A group of bipartisan us senators introduced a bill to prevent us President Barack Obama from supplying arms to the Syrian opposion without congressional aproval.
The bill was introduced by Republicans Chris Gibson and Michelle Bachmann and Democrats Peter Welch and Rick Nolan from the us House and Democrats Tom Udall and Chris Murphy and Republicans Rand Paul and Mike Lee from the Senate.
Senators expressed concern that the us might be dragged into crisis in Syria.
“If we intervene militarily, we will exacerbate the situation,’ Republican Gibson said. "We will not ease the concerns or the suffering there.’’
Democrat Welch said it was vitally important that they recognized the lessons learned from Iraq and Afghanistan.
“Syria is in a brutal and tragic civil war, the roots of which go back hundreds of years. To the extent that America can help with humanitarian assistance to ease this tragic refugee crisis, we should do so. But sending military assistance to Syrian rebels, or intervening directly in this conflict, will lead to the Americanization of this Sunni-Shia conflict. If America walks down this path, Congress and the American people should first be part of a vigorous debate. Congress has the constitutional responsibility to authorize any action and it should do its job,” Welch added.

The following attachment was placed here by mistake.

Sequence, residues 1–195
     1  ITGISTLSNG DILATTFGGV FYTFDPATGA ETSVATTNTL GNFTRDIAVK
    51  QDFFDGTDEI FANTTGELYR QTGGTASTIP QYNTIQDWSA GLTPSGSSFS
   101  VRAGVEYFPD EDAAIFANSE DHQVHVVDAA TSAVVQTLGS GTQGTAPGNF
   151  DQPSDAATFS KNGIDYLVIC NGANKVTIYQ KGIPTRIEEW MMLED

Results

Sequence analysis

Republican Paul said president’s decision to arm the Syrian opposition was 'incredibly disturbing' adding "I'm opposed to getting involved in the Syrian civil war, I'm opposed to sending arms to the Syrian Islamic rebels."
House Speaker John Boehner told a seperate press conference that it was too soon to discuss such a vote.
"I think that the United States has a strategic interest in what happens in Syria. We all would like to see Assad go. We'd also like to see a democratically elected government there," said Boehner. "And so for our interests and to support our allies in the region, I'm going to continue to work with the president on responsible steps that we can take to protect our interests."
On the resolution, he said, "I don't know that we are ready for that conversation because the president has not suggested any specific steps forward at this point and so there is really nothing yet to vote on."
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